Second, Bradley noted the federal government’s commitment to supporting the health needs of the Syrian refugees. “Access to proper health care is one of the best ways to ensure that newcomers are integrated successfully into Canadian society.”
“We take a team approach to assist our clients. No one profession can do it all,” said Bradley, who has access to telephone interpretation, as well as settlement counsellors and housing workers.
Paying it forward
Mado Mushimiyimana was a nurse in her 20s when she fled Rwanda in 1998 to make her way to the safety of Canada. “I was a brand new mom, and brand new to the country.” She was socially isolated, without friends or family.
She turned to a Toronto community health centre, where the nurses helped her integrate into Canadian society. “I did not feel judged, I was made to feel comfortable.” She remembers one nurse in particular, named Susan, who took time to explain things in basic terms for her. “I remember my first time when I was doing a prenatal class,” she said. “The nurse came with a doll — we were both laughing — and she broke down how to change the baby’s diapers. It was simple, but important.”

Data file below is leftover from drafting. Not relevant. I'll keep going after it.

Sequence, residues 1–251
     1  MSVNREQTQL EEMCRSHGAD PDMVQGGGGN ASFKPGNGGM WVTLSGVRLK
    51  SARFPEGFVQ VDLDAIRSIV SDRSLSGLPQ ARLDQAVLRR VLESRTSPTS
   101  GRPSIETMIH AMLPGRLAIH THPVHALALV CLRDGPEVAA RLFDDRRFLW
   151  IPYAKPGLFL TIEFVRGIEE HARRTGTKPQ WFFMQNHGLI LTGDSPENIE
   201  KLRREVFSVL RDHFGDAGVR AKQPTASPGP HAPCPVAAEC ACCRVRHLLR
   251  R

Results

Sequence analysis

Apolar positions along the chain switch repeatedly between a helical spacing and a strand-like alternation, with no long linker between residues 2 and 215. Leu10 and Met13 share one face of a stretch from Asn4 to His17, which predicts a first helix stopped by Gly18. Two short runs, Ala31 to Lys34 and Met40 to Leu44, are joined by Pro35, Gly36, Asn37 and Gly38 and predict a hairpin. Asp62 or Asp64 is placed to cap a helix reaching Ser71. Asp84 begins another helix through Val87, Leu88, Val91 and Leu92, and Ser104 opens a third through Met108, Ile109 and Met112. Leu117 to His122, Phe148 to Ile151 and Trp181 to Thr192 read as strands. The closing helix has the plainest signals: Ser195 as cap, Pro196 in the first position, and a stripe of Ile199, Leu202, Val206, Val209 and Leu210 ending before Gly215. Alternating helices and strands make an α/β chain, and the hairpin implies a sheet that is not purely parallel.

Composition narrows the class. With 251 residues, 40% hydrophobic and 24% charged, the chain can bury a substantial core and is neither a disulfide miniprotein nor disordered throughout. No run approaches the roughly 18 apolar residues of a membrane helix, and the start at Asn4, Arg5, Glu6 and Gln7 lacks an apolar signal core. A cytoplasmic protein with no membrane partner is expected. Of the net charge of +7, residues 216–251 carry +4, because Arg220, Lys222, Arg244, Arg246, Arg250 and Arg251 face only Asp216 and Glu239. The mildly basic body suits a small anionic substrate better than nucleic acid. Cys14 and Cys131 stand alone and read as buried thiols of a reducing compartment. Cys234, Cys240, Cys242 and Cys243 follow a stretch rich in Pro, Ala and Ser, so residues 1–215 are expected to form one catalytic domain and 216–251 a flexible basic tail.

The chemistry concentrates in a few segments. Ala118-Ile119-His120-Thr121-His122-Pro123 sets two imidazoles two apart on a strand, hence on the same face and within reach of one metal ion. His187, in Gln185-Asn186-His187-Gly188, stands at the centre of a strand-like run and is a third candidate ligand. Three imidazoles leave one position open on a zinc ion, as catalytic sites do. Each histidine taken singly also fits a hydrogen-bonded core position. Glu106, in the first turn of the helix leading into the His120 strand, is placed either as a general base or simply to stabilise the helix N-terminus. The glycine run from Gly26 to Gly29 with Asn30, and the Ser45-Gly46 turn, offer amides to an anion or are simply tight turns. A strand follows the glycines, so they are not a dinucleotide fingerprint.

It was the help Mushimiyimana received as a refugee that made her decide to pay it forward and become a community care nurse. “Meeting the nurses at the clinic made me want to be like them. I was very curious about how to be a nurse in Canada,” she said. “I reached out to the [College of Nurses of Ontario].”
Later, she worked with newcomers herself while at the Centretown Community Health Centre in Ottawa.
Her advice to other nurses is to make refugees comfortable and to try to put themselves in those shoes. “Don’t assume they understand a medical term. Try to break through to them by asking them how they understand what you’re saying. They may understand basic terms.”
The advice she would give to newcomers is to have faith in the system. “The system accepted me as a new person. All the assistance was there; the health care was there. I am very grateful to have had the help, and the many miles I had to go to reach Canada were worth it.”
Susan Pennell-Sebekos is a freelance journalist in the Niagara region.